What does an ultra marathon teach you?
The Sponsorship Marketing Manager at NUUN recently ran his first 50k ultra marathon.
We’re happy to share his race recap and thoughts!
First of all, I think it’s important to clarify that calling myself “a runner” still feels funny. I used to walk the mile in high school gym class and tried to make light of my lack of motivation by saying that I only believed in running if I was being chased. now after training for and completing a wide variety of events, including 5 half-marathons and a 30k road race, over the past 5 years, perhaps it’s time that I begin to accept the label.
Somewhere in there I really began to enjoy running and starting feeling more and more motivated. I know a lot of really incredible elite athletes that either win races or regularly have podium finishes overall or in their age groups. I also know that will never be in the cards for me and have realized that what moves me is a combination of external and internal factors. I love to compete and get others to race, whether it’s against me or their own personal best. I also realize that I am truly enjoying pushing myself to go further or faster than I thought I was capable of previously.
At the beginning of this year, these factors mixed to form the surprising (to me) motivation to sign up for my first 50k trail run. I chose the smith rock ascent near Bend, OR (which I highly recommend).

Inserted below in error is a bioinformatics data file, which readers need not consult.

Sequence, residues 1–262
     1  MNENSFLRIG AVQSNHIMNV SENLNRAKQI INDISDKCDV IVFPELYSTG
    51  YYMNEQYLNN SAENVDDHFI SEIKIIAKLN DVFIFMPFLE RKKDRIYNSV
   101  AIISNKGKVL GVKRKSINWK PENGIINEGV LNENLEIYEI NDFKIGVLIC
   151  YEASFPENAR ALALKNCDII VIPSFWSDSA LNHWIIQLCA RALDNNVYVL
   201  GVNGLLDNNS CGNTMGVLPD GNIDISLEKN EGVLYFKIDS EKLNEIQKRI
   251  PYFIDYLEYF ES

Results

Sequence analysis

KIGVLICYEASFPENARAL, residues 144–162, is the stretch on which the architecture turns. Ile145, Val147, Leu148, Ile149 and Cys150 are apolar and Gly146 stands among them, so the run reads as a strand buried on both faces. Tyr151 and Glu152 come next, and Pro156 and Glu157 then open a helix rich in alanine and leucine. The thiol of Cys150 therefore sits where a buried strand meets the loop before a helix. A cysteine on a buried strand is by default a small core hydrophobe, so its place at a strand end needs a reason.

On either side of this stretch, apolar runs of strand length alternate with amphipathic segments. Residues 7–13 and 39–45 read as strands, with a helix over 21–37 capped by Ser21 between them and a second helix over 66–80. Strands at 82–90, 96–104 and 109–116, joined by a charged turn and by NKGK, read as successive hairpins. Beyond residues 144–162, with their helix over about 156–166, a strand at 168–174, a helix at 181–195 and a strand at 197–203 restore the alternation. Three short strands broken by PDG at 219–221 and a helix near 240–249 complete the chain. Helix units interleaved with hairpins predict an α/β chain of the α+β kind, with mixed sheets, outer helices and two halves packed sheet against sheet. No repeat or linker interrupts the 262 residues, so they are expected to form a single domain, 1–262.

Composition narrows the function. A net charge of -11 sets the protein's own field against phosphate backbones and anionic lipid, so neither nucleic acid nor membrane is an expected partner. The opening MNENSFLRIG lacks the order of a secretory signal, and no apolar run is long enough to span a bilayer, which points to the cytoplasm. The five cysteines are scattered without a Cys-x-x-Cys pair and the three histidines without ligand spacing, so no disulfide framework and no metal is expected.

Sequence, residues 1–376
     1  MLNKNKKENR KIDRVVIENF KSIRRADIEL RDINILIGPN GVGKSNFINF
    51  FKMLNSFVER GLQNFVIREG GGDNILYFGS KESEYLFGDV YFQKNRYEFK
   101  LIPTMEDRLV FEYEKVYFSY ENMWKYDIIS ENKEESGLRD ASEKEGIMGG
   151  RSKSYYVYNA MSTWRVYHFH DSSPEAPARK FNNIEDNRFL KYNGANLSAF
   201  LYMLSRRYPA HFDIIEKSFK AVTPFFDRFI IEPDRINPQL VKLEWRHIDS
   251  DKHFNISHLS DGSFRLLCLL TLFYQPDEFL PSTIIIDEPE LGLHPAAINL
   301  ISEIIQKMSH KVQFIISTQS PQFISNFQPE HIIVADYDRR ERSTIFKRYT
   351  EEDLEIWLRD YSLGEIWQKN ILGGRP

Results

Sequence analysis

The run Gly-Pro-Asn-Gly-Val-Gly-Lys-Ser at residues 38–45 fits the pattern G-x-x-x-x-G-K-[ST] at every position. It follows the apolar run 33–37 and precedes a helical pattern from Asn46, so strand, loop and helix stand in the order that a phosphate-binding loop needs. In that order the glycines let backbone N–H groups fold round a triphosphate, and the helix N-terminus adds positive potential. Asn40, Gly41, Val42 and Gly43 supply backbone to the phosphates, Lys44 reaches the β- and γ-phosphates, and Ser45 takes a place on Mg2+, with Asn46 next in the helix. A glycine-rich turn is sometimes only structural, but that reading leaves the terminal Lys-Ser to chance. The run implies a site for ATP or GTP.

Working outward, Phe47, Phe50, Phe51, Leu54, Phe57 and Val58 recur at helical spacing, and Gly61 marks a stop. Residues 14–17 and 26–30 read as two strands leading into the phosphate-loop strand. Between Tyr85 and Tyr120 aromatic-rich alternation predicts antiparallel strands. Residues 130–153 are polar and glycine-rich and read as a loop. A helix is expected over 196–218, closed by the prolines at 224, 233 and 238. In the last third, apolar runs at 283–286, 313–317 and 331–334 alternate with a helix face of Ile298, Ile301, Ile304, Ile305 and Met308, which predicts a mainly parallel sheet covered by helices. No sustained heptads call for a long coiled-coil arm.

Here’s what I learned along the way:
1. Elevation can take a lot longer than expected.
One of the first things I learned as I started trail running (a new experience when I started training in january for the 50k), is to add 2-3 hours on to my expected finish time for long training runs. There were times when the elevation was way more than I thought, I came across snow covered trails, or even got lost for a few miles. I learned quickly to tell people not to worry if I wasn’t back for dinner (but still save me food, of course)!
2. Pack an extra layer even if it’s a beautiful day.
Sunny and 70 in the city feels a whole lot different when on the shady side of a mountain and a few thousand feet higher than when you started running. I quickly learned to start bringing light gloves and an extra layer, even if I was almost certain I wouldn’t need them.
3. Chafing is real.
I don’t think I need to go into more detail here. The point is, plan for this and find something that works for you to prevent chafing!
Read the rest of the report at NUUN’s blog!
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